At President Obama’s first state of the union address he announced that First Lady Michelle Obama would champion the childhood obesity problem. Now, I will share that I am a huge fan of the President and Mrs. Obama, but I see the world through the eyes of an eating disorder specialist and was disappointed when I learned that Obesity would be Michelle’s focus.

In my practice I have seen many eating disorders triggered by medical interventions made in the name of obesity prevention. For this reason my heart sank when I read today of her comments about the weight of her daughters and her statements about putting them on diets.  I can only assume that Michelle Obama has the best intentions, but like so many well-educated people I meet is seriously unaware of the risks of dieting.

The scenario that Mrs. Obama described is one which I have heard far too often. A parent is told by a trusted pediatrician that the child’s BMI is too high and that the child needs to lose weight. There are numerous problems with this. One of them is related to campaigns against obesity. This movement has lead doctors to feel pressured to focus on the BMI (Body Mass Index) and make recommendations to families accordingly. What often gets disregarded in these assessments is genetics. Not everybody is genetically meant to be small or thin. What needs to be considered is the family history, weight, and eating trends for each child. I do not want to minimize the serious health risks that can often be related to poor diet and lack of physical activity, however, the anti-obesity movement has often focused only on numbers. I have had patients come to me who were told by physicians to lose weight based on their BMI but the doctors never bothered to learn that the patients had been restricting food and exercising compulsively in order to reach their current weight.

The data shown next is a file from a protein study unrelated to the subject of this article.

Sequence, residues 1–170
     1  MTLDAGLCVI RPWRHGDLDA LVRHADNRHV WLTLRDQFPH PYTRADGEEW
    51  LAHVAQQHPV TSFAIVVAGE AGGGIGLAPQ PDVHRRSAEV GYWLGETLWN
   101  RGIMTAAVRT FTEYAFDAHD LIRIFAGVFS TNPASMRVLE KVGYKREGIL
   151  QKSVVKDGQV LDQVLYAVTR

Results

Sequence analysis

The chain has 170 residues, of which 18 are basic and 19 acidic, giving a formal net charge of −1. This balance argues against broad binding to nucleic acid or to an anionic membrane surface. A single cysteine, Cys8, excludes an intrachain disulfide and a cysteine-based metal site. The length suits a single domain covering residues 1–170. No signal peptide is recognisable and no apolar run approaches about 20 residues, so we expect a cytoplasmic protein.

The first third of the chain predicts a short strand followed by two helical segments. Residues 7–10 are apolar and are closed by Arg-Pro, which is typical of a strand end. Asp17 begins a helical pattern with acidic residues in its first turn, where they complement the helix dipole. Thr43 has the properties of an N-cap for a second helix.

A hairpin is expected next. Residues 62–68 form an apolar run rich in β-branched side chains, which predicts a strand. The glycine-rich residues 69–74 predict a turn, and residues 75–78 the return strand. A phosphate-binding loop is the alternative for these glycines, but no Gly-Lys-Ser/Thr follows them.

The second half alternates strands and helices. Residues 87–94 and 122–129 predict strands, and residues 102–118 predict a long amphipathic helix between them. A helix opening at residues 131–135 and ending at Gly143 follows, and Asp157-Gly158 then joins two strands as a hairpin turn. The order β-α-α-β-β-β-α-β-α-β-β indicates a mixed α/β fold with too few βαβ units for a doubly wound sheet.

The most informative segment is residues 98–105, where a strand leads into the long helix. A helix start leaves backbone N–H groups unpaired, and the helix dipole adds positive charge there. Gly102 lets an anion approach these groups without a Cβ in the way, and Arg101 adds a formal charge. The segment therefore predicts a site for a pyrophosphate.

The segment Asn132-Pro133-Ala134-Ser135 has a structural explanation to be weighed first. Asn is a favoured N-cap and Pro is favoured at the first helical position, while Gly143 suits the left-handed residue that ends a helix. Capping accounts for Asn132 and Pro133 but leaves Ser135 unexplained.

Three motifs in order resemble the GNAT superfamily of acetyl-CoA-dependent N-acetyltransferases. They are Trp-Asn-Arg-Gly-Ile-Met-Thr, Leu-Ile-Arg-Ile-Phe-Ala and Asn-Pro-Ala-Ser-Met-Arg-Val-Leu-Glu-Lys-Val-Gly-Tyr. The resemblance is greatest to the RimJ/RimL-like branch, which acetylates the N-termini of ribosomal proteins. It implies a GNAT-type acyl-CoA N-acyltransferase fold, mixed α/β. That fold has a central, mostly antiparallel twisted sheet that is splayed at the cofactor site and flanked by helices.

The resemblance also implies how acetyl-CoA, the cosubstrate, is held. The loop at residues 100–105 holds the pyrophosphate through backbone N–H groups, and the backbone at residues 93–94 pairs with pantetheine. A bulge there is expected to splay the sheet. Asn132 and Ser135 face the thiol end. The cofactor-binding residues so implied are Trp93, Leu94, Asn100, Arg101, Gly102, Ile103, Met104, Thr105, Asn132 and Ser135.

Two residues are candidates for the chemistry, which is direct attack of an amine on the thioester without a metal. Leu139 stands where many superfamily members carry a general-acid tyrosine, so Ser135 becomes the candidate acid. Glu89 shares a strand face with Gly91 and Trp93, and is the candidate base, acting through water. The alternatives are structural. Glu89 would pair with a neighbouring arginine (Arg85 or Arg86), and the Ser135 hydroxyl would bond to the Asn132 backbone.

During my career there has been a shift in the demographics of eating disorders. While anorexia was once a disease predominantly in white affluent communities, it has moved into Hispanic and African American populations, among others. I attribute this change in part to the anti-obesity movement. Genetically, these individuals are not typically supposed to be small. If health is determined by size we should not be using the same measure for every racial population.